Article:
The whole “Chick-Fil-A hates the gays” debacle earlier this year was one that being on the wrong side of the Atlantic, it was mercifully easy for me to keep a silence throughout. A thought that sat really awkwardly and(certainly on tumblr!) silently in my head was that if the CEOs of Chick-Fil-A are bigoted rightwing Christians and want to donate the money that they have legitimately earnt through selling fast-food chicken sandwiches to anti-gay marriage organisations then, well, that’s basically their decision and it’s not your place to say what they should do with the money that you’ve given to them, because that’s how transactions work. You didn’t pay for a chicken sandwich with a side order of equality and they never claimed to be giving you that. By all means, don’t buy their bigoted sandwiches because you disagree with what they’re doing with the money they make from them, but I’m not sure I’m comfortable with the idea that it’s okay to demand that they stop.
As a far-left anti-capitalist, it’s actually always been one of the few perks of capitalism that in a free market I can give my money to the less awful businesses: maybe a local nonpartisan fast food place that’s committed to using free-range, locally sourced meats? One of the brands that I do feel a certain ‘loyalty’ towards is Lush, and that’s in no small part because of the founder’s commitment to donating profits to various political organisations - including some fairly radical environmental groups, and immigrant/refugee rights groups, which sit particularly close to my heart. If the same people who were so massively pro-Chick-Fil-A took it upon themselves to campaign against them for supporting ecoterrorism and illegal immigrants, as you could quite probably spin it, I would be annoyed at this apparent unwillingness to let the founders do as they please with their own money, and I would be even more upset if they caved and stopped said donations, leaving me with one less large company that I could feel represents my interests.
The fact that they caved and compromised does not say anything about a change of heart on the CEOs’ parts, only a lack of integrity (seriously, just commit to your gross principles) and following where profits are going. Starbucks may have issued a pro-same-sex marriage statement and made all of their coffee (in this country at least) Fairtrade, which is an issue I care about a hell of a lot more, but I still refuse to buy coffee from them because as a corporation they have established themselves as gross and profit-driven in a way that leaves me fairly sure those were empty decisions that it was in their favour to make, because unfortunately there are enough people out there impressionable enough to believe that if Kraft or Starbucks’ PR department say they’re pro-gay marriage, then buying those Oreos or that coffee is making a positive difference to the world and the fight for liberation. (it’s not.) Also because I can buy better coffee elsewhere that doesn’t make me angry.
I just occupy a mindset that under our allegedly “free” market, the people making money from a corporation are free to use it for whatever purposes, reprehensible, honourable or otherwise, they want, and the people choosing which businesses they give their money to have a responsibility to choose which companies they feel comfortable funding. I also really hope that nobody who got really fired up about that controversy - on either side! - has bought food from Chick-Fil-A since they stopped funding the “family values” lobby, because whichever way you look at it, it’s an unpleasant, equivocatory and profit-driven decision that was made with money rather than morals, left or right-wing, in mind.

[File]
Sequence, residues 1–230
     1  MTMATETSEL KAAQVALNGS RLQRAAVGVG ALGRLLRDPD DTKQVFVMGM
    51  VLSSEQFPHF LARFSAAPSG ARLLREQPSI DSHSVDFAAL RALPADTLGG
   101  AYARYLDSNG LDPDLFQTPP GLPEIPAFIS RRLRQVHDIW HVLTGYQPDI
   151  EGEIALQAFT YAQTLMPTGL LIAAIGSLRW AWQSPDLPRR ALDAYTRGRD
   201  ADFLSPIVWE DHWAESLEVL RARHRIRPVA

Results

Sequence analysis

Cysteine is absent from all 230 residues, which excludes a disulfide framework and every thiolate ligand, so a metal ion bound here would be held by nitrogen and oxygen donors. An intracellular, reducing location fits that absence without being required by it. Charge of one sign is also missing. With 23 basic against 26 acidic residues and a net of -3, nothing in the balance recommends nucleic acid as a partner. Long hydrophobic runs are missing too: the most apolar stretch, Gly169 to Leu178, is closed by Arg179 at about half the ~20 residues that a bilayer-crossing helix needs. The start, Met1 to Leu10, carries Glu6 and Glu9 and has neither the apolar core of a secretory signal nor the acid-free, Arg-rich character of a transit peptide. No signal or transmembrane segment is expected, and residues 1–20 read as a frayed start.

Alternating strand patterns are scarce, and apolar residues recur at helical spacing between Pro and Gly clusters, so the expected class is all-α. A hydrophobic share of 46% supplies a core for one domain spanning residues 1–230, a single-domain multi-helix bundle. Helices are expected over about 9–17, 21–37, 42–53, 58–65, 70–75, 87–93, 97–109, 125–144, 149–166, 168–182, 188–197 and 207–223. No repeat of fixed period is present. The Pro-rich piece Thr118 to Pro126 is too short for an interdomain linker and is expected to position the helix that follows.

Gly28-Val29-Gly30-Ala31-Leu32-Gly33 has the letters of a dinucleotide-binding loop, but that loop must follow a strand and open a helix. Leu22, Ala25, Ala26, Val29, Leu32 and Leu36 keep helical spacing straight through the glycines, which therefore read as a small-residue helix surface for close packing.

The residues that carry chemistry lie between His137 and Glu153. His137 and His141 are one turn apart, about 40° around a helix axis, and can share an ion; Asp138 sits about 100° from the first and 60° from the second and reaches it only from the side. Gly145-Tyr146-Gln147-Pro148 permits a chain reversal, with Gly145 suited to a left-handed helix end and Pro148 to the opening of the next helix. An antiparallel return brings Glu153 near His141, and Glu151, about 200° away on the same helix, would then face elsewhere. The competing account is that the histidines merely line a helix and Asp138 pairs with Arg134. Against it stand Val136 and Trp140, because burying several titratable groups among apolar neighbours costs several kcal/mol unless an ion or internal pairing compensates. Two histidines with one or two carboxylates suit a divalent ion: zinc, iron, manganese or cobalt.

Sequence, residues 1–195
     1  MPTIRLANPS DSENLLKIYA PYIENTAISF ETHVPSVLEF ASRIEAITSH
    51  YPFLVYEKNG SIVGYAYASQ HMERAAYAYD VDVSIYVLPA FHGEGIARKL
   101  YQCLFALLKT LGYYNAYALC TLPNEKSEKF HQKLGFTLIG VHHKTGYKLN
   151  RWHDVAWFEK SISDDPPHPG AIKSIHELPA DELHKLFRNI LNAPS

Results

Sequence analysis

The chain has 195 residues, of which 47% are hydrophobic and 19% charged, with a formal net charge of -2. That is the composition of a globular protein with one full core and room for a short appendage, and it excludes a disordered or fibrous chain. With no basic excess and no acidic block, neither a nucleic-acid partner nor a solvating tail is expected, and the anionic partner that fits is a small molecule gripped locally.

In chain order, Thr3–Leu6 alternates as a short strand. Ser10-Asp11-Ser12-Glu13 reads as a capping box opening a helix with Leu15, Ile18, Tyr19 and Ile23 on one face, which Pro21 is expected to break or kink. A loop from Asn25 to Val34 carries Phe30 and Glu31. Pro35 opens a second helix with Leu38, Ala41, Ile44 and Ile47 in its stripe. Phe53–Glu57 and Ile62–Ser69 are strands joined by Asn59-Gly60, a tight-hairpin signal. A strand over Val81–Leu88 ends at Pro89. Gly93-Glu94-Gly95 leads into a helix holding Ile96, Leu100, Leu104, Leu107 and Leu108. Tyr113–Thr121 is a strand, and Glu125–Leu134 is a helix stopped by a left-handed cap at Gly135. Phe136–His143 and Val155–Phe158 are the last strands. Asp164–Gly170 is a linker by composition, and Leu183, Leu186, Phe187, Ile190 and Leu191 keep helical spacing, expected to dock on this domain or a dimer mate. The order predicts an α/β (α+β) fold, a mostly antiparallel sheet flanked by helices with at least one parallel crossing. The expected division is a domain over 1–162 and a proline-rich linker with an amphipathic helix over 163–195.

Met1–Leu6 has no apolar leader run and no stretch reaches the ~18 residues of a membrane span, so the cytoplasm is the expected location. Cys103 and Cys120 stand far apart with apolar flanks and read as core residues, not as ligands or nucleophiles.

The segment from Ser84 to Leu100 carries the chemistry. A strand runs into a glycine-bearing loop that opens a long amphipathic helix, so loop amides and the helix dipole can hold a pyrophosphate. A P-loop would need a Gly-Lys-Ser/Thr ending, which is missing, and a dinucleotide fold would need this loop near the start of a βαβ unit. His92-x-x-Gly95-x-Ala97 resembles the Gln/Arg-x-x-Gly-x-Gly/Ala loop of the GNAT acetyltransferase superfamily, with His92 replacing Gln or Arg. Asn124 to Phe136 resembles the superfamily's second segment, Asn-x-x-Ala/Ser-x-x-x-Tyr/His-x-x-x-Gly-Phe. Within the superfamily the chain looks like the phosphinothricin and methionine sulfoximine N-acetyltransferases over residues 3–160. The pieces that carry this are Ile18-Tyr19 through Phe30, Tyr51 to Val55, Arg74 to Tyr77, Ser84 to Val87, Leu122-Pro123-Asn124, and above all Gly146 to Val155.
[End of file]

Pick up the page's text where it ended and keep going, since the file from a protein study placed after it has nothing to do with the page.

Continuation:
Roughly 1400 words on how Shigesato Itoi’s Earthbound uses the player’s expectations of gaming and video game narrative to create an emotionally devastating experience that simply wouldn’t be possible in any other medium, and how miserable it is that so few games in the intervening eighteen years have realized the medium’s storytelling potential to the same extent. A lot less dry than I’ve just made it sound (at least I think so, it was a lot of fun to write!) and at some point intended as an item in a magazine edited by the lovely Jo Graham - watch this space for updates on that front, I guess!
While this is probably going to be most interesting to people already familiar with the game/Mother series, I’ve deliberately written it as spoiler-free as possible; events at the end of the game are referenced without giving details. I’d be delighted if reading this prompted anyone to seek the game out for themselves!
Words of warning: this is about the books, and it’s written under the assumption that the reader has finished A Storm of Swords. It was sort of tempting to reference events from A Feast For Crows, but I’d rather keep it more accessible and in any case, it’s long enough as it is. It’s also written in the hope that you’ll either be familiar with and open to basic principles of feminist and post-colonial criticism, or won’t have a knee-jerk reaction to it as “feminazi social justice bullshit” or whatever. I’ve tried to link to relevant commentary on anything that may be unfamiliar to people who don’t read as much cultural criticism for fun as I do though! Finally, a genuine warning for reference to sexual violence.